Thursday, April 19, 2007


Check out Aaron's blog for his first tutorial, which covers setting up his GUIManager class.

From Aaron's post: "... The simplest way to begin is to use the GUI_Testbed project as a starting template. I simply created a new source file containing a class called Tutorial1, and set that as the startup Game object in Program.cs. You could also just use the existing GUI_Testbed.cs if you don't feel like starting from scratch ...".

More news after the break ...


Thomas has published the latest installment of the series on software efficiency and optimization.

From the post: "... I'm trying to decide where to take this blog from here. I could continue focusing on software engineering as it applies to games. Or I could start taking in-depth looks at particular game algorithms and how to implement them for XNA — for example, I could show how I used the minimax algorithm with alpha-beta pruning for finding the best move in my Othello game, and how to implement it in XNA; or show how to implement the A* algorithm for pathfinding. Or I could start showcasing my Dream-Build-Play entry and how various parts are implemented. If you have any thoughts or preferences, please leave a comment ...".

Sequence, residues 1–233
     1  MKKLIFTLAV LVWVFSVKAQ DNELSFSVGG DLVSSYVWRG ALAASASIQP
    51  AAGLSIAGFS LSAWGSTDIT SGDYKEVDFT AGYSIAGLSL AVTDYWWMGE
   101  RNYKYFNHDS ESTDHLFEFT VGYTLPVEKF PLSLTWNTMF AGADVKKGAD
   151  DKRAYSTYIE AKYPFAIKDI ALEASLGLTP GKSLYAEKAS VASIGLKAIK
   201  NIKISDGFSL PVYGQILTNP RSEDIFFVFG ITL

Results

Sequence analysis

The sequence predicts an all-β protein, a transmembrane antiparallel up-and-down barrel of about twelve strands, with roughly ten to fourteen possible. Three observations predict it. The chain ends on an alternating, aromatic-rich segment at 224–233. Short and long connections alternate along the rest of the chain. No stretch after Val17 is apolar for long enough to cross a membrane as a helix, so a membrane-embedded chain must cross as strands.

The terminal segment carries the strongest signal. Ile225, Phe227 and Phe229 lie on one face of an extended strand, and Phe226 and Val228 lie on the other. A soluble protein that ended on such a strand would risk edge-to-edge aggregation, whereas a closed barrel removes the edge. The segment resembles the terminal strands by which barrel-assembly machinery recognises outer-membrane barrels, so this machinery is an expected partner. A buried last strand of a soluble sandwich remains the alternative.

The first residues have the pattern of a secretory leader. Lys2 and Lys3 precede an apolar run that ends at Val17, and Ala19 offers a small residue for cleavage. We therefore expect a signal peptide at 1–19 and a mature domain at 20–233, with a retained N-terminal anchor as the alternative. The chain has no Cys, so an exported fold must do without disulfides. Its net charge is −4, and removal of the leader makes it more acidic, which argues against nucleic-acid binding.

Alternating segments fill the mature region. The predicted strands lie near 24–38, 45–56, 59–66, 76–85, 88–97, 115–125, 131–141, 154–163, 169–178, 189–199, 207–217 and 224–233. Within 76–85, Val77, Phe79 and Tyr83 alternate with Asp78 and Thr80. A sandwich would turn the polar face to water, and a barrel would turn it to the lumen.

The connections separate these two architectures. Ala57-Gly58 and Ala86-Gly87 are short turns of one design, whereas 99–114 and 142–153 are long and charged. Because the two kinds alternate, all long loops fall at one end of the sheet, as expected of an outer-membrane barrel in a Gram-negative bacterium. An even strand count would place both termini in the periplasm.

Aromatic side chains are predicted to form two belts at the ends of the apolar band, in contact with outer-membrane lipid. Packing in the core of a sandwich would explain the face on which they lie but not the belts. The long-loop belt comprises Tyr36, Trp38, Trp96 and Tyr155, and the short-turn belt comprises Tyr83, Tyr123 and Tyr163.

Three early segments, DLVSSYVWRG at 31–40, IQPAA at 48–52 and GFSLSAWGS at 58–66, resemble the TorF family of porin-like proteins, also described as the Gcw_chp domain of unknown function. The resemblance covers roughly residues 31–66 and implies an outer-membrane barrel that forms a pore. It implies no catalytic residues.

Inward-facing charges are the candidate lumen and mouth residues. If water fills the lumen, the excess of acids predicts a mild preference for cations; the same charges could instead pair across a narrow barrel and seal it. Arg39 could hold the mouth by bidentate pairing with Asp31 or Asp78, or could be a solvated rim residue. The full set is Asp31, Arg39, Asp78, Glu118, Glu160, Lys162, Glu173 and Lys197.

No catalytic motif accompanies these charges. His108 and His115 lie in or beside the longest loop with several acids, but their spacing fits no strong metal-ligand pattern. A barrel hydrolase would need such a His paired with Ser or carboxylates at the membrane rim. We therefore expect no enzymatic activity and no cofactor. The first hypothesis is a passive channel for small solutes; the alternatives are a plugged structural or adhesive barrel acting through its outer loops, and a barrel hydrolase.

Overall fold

To get to the above-mentioned part of the post -actually the final part- you'll need to read a bit more than usual ... trust me ... so you'd better hurry up and start reading right now!


Eli's second part of the series is available now.

From Eli's post: "... For you impatient readers, here's my results: As I just found out, this holds true on the Xbox360 as well. Read on to find out how I came to this conclusion, and maybe learn something about (deep breath) The XNA Framework Remote Performance Monitor for Xbox 360 ...".

So, want to find out? Read on ...


Joseph Molnar, whose blog is entitled "The Pensive Gamer", has published a series of interesting articles on XNA and threading:
  1. XNA Game Loop And Threading,
  2. XNA Threading - The Problems, and
  3. XNA Threading - Locks.
A must read.